Condo owners sue Beach Bay developer

A developer linked with a five-star hotel plan in Bodden Town is being sued over plans to demolish two blocks of condos on the site.

A group of owners at Beach Bay Condominiums has filed a writ of summons against property developer Beach Bay Ltd.

They are questioning the legality of the methods used by the company to gain the “super majority” necessary under strata regulations to order the demolition of the two buildings.

The owners are also seeking a permanent injunction preventing the construction of anything other than condominiums on the site.

Lawyers for the group say Beach Bay Ltd. and the Registrar of Lands, named as a co-defendant, breached strata laws and previous legal agreements. They say this has prevented them from blocking the “destruction of their homes.”

The lawsuit throws long-discussed plans for a five-star hotel at Beach Bay into doubt.

John Layton, the U.S. developer who represents Beach Bay Land Ltd. – the correct name of the company referenced in the suit, said Monday that the arguments outlined in the writ of summons had no merit.

Mr. Layton has not spoken publicly about plans for a hotel at the site, though the project has been referenced several times by politicians, including in the Legislative Assembly.

“I haven’t made any planning applications in reference to this property and until this issue is resolved that is not going to happen,” Mr. Layton said.

“We believe we have complied fully with the terms of the previous agreement and with Cayman Islands law.”

He said Strata Plan 39 had filed the demolition order for the buildings with the Registrar of Lands on Dec. 15. As of Monday this week, he said the demolition order was still pending and the strata is considering legal action of its own to compel the order to be processed.

Mr, Layton said no one was losing their home and pointed to the fact that Jack Matthews, one of the plaintiffs, who owns three of the condo units, was a multimillionaire Texas developer.

“No one is losing their home here. To the best of my knowledge, none of the nine minority owners are full-time residents of the property.”

According to court documents, Beach Bay Ltd. bought up units in the two condo developments over a five-year period. Eventually the developer acquired control over half the votes in Strata Plan 39 and elected a new executive council.

The company then moved to put an adjoining piece of land, which it had also purchased, under the strata plan, sub-dividing it into new lots.

The addition of the new lots combined with the condo units it had already acquired gave the developer the “super majority” of 80 percent of votes necessary to get a resolution for demolition.

Nine strata lot owners – Robert Stewart, Taimoon Stewart, Diana Pratt, Harold, Levy, Matthews Cayman Development, Tim Burke, Darlene Theodore, Al Fogarty and Cedar Valley Ltd. – are seeking to contest the methods used by the developer to obtain that majority.

A writ of summons, filed in Grand Court last week, alleges that Beach Bay Ltd. contravened the conditions of a prior agreement, referred to in the court filing as a “consent judgment.”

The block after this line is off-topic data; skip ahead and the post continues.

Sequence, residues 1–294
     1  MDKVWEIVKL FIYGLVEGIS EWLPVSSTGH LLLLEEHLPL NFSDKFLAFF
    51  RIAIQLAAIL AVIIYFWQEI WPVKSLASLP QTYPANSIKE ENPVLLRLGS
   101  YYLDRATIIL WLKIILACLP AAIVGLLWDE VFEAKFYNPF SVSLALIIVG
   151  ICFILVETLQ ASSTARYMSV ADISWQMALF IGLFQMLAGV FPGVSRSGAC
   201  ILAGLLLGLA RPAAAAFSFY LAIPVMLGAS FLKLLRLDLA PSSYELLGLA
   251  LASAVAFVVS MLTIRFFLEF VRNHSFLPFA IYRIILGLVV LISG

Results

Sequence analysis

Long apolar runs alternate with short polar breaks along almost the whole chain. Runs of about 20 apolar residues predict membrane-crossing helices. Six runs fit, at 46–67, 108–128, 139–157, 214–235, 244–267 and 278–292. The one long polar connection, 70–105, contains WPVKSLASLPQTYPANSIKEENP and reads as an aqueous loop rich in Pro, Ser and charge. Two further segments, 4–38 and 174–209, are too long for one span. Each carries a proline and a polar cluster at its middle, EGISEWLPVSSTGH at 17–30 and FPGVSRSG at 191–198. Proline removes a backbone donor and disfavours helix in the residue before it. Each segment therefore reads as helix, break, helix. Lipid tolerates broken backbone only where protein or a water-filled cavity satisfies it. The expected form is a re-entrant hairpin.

According to the court filing, the original developer put part of the land under strata control and retained ownership of the adjoining parcels, with the intention of adding them to the strata as new strata units were developed.

Following a legal dispute between the condo owners and the original developer in the mid-90s, the consent judgment was agreed. According to the court filing, that judgment guaranteed that any parts of the adjoining land would be transferred to the strata upon phased completion of the new units.

It says the judgment was binding on any future owners of the land. The writ offers differing interpretations of that judgment as alternatives for the court to consider.

It suggests that the full condo development was not completed and therefore the land could not be transferred and sub-divided into new strata lots.

“Completion has not taken place, therefore no entitlement to transfer could have arisen.”

The writ makes the alternative claim that the adjoining land, referred to as the original land, should already have been transferred to the strata and held as its common property. It states that the consent judgment implied there should be a time limit on the completion of the development. Mr. Layton disputed this claim and said the consent judgment showed that any time limit had been waived.

The lawsuit adds another alternative that the Registrar of Lands was not entitled under Cayman Islands law to combine the two pieces of land, creating new strata lots within the same strata plan, in a process referred to as rectification.

“It deprived them of the right to block a super majority resolution and thereby prevent the destruction of their homes,” it suggests.

The writ adds that if the court decides the developer was entitled to pass a resolution to declare the buildings destroyed, that compensation be determined by an independent expert.

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  1. Seems to me that the developer pulled a fast one.

    The super majority rules were designed to prevent a few hold out owners from preventing major projects that are in every owner’s interests.

    The way they have been used here is a sneaky way to deprive other owners of their property.

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